October 26, 2015
Last week at a meeting of the Holy Synod of the Russian Orthodox Church (ROC), three decisions were adopted that illustrate the further transformation of church leadership into a fascist-type extreme right-wing organization.
The rank of bishop was awarded to Archimandrite Tikhon (Shevkunov), abbot of the Sretensky Monastery in Moscow, who is closely linked to Black Hundreds-like organizations. For the last fifteen years, at least, his public and political reputation had prevented him from moving up into the ranks of the church’s “generals,” despite his successes in advocacy (the Sretensky Monastery’s publishing house is the largest in the ROC) and close ties to the Russian state establishment. Now decency has been cast to the wind, and the path to a big church career has been opened to him.
In another decision, the Synod formed a joint commission of the Russian and Bulgarian Orthodox Churches on the issue of canonizing Archbishop Serafim (Sobolev) of Bogucharsk. It has been emphasized that the commission was created at the personal behest of Patriarch Kirill, who on May 5 sent a formal request to the head of the Bulgarian Orthodox Church. An émigré from Russia and, subsequently, one of the leaders of the Bulgarian Orthodox Church, Serafim is known not only as the man who practically founded modern Bulgarian monasticism. He also penned many xenophobic essays (just like Putin and Nikita Mikhalkov’s favorite philosopher Ivan Ilyin) that mixed the Russian nationalism of his day with a hatred of other faiths. In the 1930s, he vigorously campaigned against the theologians of the St. Sergius Orthodox Theological Institute in Paris, insisting on rejecting all forms of ecumenical cooperation. And of course, like the other so-called Karlovites, the European bishops of the ROCOR (Russian Orthodox Church Outside of Russia), he actively collaborated with the Nazis. This did not stop him, as a Russian patriot, from collaborating just as successfully with the Stalinist regime after the war.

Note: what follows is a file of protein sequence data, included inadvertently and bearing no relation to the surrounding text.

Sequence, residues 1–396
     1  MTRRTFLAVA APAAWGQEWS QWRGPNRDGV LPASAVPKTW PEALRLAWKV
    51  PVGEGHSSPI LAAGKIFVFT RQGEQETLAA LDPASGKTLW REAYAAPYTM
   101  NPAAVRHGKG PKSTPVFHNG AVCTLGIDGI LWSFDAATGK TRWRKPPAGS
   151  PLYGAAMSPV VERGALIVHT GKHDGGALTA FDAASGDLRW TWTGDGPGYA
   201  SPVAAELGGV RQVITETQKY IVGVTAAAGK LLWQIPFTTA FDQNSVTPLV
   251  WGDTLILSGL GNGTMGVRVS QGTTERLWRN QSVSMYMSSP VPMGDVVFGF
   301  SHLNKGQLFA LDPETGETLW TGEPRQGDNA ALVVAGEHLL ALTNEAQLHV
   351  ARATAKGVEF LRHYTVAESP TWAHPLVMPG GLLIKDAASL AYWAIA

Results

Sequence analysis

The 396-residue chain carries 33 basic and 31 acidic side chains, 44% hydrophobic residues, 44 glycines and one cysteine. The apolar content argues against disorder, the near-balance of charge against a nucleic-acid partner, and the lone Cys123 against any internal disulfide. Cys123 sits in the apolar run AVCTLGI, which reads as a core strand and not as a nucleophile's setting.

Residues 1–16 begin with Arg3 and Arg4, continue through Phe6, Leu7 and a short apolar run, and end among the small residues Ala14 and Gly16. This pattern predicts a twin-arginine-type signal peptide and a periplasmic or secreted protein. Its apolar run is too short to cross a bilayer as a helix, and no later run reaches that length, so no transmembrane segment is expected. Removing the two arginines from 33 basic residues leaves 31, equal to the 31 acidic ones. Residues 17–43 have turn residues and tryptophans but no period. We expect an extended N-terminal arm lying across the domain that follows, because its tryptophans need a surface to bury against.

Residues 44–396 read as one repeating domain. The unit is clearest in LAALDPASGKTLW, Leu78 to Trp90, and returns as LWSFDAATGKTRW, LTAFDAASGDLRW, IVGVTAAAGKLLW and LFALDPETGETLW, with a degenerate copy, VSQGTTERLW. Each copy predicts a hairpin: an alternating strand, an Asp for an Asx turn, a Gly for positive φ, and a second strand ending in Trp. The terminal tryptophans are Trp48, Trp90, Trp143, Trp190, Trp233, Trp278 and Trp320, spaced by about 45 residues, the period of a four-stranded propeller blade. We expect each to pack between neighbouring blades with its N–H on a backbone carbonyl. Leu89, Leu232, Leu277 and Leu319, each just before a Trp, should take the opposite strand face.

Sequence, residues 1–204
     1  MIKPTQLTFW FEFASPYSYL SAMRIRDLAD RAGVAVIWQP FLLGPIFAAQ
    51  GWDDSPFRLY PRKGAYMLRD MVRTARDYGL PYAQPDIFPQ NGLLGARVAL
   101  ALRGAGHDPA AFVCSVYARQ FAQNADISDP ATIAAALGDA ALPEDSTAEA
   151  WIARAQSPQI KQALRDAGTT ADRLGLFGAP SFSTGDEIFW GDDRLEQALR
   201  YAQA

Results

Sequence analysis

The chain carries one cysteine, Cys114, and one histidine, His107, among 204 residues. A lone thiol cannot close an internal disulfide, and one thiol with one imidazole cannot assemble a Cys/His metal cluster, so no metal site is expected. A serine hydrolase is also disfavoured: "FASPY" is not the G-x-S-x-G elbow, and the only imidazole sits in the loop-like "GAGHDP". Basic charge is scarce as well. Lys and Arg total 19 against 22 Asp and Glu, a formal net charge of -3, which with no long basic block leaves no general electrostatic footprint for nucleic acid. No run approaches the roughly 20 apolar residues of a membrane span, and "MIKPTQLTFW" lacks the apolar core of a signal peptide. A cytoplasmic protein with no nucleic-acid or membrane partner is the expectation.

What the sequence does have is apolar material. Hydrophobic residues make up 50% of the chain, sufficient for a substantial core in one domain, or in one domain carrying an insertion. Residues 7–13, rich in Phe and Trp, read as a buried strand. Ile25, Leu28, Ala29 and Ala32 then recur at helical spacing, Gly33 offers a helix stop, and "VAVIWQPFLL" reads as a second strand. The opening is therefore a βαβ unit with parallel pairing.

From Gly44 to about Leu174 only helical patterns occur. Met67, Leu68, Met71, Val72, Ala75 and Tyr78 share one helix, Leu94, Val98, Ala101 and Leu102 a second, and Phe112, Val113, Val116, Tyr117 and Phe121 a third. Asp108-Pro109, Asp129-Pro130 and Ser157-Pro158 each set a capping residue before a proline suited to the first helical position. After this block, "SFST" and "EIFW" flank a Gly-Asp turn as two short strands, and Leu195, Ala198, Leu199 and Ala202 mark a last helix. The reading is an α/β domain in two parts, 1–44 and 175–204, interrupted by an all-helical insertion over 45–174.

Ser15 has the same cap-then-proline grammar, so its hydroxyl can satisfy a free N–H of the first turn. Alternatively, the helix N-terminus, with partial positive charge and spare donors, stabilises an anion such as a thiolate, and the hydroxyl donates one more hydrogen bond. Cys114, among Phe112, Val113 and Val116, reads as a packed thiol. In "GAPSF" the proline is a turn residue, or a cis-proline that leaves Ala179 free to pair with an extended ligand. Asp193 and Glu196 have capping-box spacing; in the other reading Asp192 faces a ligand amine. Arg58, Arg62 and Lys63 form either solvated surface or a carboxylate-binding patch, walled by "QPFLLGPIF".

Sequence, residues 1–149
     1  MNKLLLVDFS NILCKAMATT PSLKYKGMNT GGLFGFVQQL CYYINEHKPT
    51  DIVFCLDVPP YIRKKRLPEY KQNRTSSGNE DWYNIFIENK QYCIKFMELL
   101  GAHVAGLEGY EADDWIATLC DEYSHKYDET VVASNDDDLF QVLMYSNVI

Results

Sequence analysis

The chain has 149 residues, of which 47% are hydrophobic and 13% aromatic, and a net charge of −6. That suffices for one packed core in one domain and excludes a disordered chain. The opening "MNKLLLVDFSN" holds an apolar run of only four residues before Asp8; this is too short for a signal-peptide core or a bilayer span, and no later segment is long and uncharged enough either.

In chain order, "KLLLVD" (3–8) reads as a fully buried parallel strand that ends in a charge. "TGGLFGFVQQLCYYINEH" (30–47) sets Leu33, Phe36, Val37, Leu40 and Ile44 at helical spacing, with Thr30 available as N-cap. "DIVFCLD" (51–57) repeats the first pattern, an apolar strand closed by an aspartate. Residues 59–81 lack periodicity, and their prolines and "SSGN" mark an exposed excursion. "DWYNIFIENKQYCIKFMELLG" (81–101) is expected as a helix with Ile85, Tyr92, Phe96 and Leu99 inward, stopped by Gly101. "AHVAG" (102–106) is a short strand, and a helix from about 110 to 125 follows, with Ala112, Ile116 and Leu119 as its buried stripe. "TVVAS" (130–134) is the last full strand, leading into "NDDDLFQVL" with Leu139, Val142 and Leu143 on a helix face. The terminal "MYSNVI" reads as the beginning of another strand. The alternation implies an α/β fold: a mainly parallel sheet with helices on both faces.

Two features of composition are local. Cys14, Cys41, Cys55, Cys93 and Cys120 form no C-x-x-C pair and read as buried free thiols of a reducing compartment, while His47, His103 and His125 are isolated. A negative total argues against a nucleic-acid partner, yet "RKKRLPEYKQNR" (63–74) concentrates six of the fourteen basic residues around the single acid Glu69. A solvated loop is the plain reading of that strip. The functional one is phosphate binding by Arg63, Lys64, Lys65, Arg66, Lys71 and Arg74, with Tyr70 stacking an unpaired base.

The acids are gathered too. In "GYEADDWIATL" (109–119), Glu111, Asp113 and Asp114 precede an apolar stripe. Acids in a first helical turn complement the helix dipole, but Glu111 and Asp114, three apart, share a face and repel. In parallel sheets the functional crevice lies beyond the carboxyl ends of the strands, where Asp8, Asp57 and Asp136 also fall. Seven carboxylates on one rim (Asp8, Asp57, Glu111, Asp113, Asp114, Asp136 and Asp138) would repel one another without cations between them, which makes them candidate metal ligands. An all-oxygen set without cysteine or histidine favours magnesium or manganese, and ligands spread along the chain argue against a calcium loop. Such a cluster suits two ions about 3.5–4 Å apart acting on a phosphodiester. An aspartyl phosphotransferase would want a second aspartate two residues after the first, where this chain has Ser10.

Sobolev’s most prominent Russian disciple and protégé was the young émigré priest known to us as Archpriest Vsevolod Spiller. To a large extent swayed by the ideas of his teacher, he returned in 1949 from Bulgaria to Moscow, where as deputy head of the Department of External Church Relations he was an influential church official. But then his ideas came into conflict with the political reality and, maintaining his post as prior of the Church of St. Nicholas in Kuznetsy, he became an equally influential figure in unofficial church life. In particular, he vigorously supported resistance groups within the church, which attempted to reconcile right-wing views with human rights rhetoric in order to gain greater autonomy for the clergy and the ROC as a whole.
A group of young disciples from the Moscow intelligentsia formed around Spiller. In the early 1980s, they were ordained as priests, and by the middle of the decade they had begun to confront their own former comrades who had chosen a more liberal vision of the church’s future. During perestroika, they founded the most successful ecclesiastical education project of the new era, St. Tikhon’s Orthodox Theological Institute, and in the early 2000s, as a result of a large and successful intrigue, they became the leading ideological faction within the ROC. Members of this faction have held a variety of leadership positions in the church and still control at least two posts at the overall church level. One of these clerics is Archpriest Dmitry Smirnov, head of the Patriarchal Commission on Family and Youth Affairs. Smirnov is known for his aggressive xenophobic and extremist rhetoric (and his involvement in at least one major violent protest action), and he virtually acts as the church’s liaison with the extremist group God’s Will.
There is no doubt that the prospect of Archbishop Serafim’s canonization and, therefore, the church’s blessing to republish and promote his works is the handiwork of St. Tikhon’s Institute, now known as St. Tikhon’s Orthodox University of [the] Humanities, especially since the university’s rector, Archpriest Vladimir Vorobyov, one of Spiller’s principal disciples, is on the canonization commission.